New genomic risk score improves prediction of coronary artery disease
Genomic Risk Prediction of Coronary Artery Disease in 480,000 Adults Implications for Primary Prevention
Introduction and methods
Family history is a known risk factor for coronary artery disease (CAD), and the heritability of CAD has been estimated to be 40% to 60%. Existing genomic risk scores (GRS) have limited use due to a number of reasons, including insufficient accuracy for CAD [1-3]. In this study, a novel GRS for CAD was developed, and its potential as a screening tool for primary prevention was evaluated.
For this purpose, a meta-analytic strategy was used that captures the totality of information from the largest previous genome-wide association studies (GWAS). Subsequently, the external performance of this meta score (meta-GRS) was assessed in stratifying CAD risk in >480,000 individuals (aged 40-69 years) from the UK Biobank (UKB) .
The meta-GRS was constructed based on 3 GRSs:
- a previously published score (GRS46K) of 46,000 genetic variants derived from a genetic association study using Metabochip, a genotyping array with a focus on cardio-metabolic genetic loci,
- a score of 202 genetic variants significantly associated with CAD at false discovery rate <0.05 (FDR202) in a recent GWAS from CARDIoGRAMplusC4D,
- a genome-wide polygenic score (1000Genomes) based on the same GWAS.
- The external UKB validation set included 22,242 CAD cases before age 75 years and 460,387 non-cases in total, with 9,729 prevalent cases of CAD at the time of recruitment, and 12,513 incident cases of CAD during a mean follow-up of 6.2 years, at the censoring age of 75 years in 2017.
- The meta-GRS consisted of 1,745,180 genetic variants, together explaining 26.8% of CAD heritability.
- The area under the receiver-operating curve in the external UKB validation set was 0.79 (+2.8% over the reference logistic model consisting of gender, age at assessment, genotyping array, and 10 PCs).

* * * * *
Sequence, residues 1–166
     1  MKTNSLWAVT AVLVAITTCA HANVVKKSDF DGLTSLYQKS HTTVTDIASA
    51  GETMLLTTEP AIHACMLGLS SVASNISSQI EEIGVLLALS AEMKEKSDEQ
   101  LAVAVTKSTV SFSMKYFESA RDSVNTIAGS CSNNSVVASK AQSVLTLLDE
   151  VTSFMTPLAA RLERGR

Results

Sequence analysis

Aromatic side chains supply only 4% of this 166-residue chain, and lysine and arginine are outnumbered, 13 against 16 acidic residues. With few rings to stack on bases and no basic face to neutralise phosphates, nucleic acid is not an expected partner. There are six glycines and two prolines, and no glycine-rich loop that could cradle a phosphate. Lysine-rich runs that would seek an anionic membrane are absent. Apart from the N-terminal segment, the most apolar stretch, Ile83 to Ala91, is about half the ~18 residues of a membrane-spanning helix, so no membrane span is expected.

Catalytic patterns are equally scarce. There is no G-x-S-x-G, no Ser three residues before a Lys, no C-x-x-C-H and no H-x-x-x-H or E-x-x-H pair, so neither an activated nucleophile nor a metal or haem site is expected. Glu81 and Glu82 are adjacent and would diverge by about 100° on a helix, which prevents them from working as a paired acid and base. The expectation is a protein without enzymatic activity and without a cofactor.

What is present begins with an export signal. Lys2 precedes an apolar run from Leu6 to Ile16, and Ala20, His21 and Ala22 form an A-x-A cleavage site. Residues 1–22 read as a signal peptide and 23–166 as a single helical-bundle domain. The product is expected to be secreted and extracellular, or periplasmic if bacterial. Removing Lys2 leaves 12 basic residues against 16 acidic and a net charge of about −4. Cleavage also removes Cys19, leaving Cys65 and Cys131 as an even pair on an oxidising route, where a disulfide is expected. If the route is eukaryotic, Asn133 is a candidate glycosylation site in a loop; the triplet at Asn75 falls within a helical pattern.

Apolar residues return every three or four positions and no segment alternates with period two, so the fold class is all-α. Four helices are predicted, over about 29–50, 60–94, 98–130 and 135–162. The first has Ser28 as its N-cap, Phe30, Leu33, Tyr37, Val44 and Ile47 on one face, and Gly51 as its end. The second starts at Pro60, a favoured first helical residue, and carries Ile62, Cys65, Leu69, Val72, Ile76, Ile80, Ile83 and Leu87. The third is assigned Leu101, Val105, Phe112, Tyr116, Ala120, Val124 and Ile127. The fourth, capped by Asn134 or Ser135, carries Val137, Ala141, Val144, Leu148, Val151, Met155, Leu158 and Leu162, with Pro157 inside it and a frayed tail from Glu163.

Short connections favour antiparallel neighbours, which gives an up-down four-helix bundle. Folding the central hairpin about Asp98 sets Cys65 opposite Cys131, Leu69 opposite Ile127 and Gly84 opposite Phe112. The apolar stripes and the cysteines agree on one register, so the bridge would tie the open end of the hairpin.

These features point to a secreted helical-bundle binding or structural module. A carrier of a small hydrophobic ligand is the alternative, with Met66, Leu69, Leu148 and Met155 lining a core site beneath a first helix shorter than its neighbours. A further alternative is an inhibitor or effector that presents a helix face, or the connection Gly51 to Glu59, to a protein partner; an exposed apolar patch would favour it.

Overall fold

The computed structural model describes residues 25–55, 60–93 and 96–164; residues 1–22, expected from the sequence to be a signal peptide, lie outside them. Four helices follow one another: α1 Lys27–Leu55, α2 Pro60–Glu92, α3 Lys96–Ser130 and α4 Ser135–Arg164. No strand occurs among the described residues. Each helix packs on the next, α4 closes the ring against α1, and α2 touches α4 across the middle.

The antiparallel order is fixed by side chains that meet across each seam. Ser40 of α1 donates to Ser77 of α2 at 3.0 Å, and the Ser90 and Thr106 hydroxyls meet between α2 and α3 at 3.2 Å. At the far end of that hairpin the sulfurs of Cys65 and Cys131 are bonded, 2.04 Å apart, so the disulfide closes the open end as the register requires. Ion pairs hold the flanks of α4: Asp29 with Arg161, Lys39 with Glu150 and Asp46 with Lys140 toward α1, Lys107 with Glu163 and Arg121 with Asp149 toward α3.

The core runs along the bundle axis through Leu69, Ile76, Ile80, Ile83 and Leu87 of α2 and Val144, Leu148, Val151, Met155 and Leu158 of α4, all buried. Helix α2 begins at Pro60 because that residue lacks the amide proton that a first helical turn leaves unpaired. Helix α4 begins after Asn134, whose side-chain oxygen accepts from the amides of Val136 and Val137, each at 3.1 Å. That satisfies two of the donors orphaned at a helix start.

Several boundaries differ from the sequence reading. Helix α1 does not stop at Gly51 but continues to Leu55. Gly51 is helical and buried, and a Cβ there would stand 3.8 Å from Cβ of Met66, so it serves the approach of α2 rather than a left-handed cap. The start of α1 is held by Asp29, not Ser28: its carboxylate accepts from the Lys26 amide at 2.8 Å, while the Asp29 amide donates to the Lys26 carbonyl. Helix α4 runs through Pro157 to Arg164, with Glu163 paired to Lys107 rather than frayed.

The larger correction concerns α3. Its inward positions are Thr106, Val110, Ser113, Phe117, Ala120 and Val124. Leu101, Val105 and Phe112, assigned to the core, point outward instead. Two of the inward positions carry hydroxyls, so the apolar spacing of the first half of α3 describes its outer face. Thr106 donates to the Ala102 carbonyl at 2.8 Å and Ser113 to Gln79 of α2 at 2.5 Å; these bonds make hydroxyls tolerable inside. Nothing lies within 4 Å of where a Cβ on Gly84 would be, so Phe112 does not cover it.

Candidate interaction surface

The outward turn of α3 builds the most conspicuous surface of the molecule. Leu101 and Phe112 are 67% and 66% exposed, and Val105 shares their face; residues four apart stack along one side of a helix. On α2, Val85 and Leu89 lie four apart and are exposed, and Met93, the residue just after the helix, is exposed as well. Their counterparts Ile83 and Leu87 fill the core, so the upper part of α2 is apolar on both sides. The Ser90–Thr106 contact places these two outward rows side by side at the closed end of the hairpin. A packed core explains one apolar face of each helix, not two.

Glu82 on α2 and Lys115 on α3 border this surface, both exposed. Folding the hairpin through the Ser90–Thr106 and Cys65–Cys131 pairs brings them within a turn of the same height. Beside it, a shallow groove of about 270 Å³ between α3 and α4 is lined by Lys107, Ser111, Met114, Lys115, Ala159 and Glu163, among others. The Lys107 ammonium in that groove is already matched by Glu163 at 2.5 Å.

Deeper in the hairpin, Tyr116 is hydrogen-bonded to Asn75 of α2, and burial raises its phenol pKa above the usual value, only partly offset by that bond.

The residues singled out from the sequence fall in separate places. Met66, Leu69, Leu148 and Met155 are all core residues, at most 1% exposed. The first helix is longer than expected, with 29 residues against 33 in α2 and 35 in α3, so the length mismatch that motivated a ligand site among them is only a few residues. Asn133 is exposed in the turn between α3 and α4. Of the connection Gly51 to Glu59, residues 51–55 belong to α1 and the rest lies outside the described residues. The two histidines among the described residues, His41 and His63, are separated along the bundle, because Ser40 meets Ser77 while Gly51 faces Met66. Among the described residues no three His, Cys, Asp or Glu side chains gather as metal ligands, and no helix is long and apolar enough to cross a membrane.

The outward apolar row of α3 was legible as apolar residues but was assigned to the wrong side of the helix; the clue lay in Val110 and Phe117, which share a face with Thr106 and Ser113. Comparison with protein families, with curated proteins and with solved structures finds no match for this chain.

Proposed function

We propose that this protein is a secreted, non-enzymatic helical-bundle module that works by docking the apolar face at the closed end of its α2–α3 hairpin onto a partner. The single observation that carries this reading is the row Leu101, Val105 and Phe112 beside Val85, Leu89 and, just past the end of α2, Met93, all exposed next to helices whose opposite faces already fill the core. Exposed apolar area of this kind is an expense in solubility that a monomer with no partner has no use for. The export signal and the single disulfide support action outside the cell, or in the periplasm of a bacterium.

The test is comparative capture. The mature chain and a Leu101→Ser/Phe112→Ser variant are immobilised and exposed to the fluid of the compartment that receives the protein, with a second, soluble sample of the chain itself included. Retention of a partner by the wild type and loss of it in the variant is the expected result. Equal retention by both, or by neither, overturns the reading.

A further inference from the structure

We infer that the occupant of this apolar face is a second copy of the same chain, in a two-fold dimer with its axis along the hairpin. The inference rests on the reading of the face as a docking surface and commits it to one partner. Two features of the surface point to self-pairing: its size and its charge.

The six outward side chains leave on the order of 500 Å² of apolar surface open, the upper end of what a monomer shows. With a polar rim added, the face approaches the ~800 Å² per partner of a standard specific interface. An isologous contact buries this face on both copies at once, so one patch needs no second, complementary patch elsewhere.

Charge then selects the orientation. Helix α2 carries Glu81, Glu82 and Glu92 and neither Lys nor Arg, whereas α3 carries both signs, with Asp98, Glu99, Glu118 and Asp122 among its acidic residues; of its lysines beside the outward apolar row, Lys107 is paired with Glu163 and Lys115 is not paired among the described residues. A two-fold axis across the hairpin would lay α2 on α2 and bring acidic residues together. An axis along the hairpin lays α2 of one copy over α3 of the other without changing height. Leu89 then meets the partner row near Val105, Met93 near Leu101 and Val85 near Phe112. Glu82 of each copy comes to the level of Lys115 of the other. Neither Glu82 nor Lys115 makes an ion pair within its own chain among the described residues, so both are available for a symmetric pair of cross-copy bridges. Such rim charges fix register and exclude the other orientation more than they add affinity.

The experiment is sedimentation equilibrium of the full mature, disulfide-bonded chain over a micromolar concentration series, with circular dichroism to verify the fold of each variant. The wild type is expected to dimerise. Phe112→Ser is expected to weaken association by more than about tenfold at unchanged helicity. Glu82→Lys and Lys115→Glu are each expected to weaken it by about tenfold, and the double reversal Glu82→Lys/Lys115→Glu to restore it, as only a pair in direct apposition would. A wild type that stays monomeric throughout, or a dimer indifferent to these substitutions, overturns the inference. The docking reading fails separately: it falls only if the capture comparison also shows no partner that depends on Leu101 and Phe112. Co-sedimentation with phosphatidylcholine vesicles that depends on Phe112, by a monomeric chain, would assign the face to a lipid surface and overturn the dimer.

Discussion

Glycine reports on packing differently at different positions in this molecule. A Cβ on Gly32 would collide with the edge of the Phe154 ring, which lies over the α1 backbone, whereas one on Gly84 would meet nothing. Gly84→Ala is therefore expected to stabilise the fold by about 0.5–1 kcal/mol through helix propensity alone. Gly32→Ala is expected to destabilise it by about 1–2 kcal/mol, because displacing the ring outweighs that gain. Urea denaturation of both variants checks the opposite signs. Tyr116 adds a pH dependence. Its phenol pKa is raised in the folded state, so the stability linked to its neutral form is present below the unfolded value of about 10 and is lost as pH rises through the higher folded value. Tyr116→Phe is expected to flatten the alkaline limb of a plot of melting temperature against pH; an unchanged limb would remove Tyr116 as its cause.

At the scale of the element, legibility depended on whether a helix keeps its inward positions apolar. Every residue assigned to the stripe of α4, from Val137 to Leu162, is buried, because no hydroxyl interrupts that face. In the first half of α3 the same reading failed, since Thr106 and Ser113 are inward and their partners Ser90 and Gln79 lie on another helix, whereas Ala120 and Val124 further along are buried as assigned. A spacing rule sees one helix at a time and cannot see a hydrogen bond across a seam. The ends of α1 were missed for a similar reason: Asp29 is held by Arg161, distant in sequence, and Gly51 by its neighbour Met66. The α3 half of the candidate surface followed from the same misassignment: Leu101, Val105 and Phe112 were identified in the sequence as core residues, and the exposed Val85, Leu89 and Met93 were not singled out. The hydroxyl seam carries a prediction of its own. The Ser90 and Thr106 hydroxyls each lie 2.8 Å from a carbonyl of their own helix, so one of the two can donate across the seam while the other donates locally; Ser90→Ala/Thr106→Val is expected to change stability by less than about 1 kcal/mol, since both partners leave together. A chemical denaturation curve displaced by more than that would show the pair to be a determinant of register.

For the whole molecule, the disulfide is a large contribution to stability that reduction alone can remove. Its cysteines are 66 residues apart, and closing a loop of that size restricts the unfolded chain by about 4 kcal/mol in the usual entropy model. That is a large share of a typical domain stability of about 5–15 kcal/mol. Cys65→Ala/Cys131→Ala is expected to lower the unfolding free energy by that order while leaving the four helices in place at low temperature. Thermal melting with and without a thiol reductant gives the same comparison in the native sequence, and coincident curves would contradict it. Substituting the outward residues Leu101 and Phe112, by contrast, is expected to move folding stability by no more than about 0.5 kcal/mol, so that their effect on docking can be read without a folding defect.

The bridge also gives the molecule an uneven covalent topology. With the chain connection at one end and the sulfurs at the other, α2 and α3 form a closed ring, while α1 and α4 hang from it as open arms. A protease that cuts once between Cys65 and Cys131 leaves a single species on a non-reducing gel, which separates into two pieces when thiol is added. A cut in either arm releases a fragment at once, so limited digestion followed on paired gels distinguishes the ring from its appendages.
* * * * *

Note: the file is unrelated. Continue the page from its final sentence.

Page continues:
- The meta-GRS offered greater positive predictive value at any given sensitivity and, thus, greater area under the precision recall/sensitivity curve compared with the reference model (0.161 vs. 0.123).
- The meta-GRS stratified individuals into significantly different life course trajectories of CAD risk, with those in the top 20% of meta-GRS distribution having an HR of 4.17 (95%CI:3.97-4.38), compared to those in the bottom 20%.
- Individuals in the top 20% of meta-GRS distribution on lipid-lowering or antihypertensive therapy had an HR of 2.83 (95%CI: 2.61-3.07), compared to those in the bottom 20%.
- The meta-GRS was significantly but weakly associated with BMI, diabetes, hypertension, current smoking, family history of heart disease, and self-reported high cholesterol.
- Combining the meta-GRS with all 6 conventional risk factors led to a model with a C-index of 0.696 (95%CI: 0.688-0.703), corresponding to an increase of 2.6% over the model consisting of the 6 conventional risk factors.
- For men in the top 20% of meta-GRS with >2 conventional factors, 10% cumulative risk of CAD was reached by 48 years of age.
The meta-GRS developed and evaluated in the present study achieved greater risk discrimination than previously available genetic risk scores that were based on selected genetic variants. Meta-GRS provides the opportunity to stratify individuals for different trajectories of CAD risk in general populations and highlights the potential for genomic screening in early life to complement conventional risk prediction.
In his editorial article, Natarajan  discusses the need for improvement of CAD risk prediction, and states that current polygenic risk scores are lacking the full spectrum of genetic variation that influences CAD risk, since only whole genome sequencing can identify genomic variation. He also points out the need for relevant prospective randomized controlled studies, which would trigger guidelines changes in this direction. He concludes that health systems currently insufficiently manage to identify those likely to sustain premature CHD. ‘Inouye et al. show that incorporation of CHD polygenic risk with clinical risk factors can improve risk prediction and may help identify individuals who are candidates for earlier preventive therapies. Additionally, this single genetic test (currently <$100) only needs to be performed once, and this framework can be applied to calculate polygenic risk for virtually any trait.’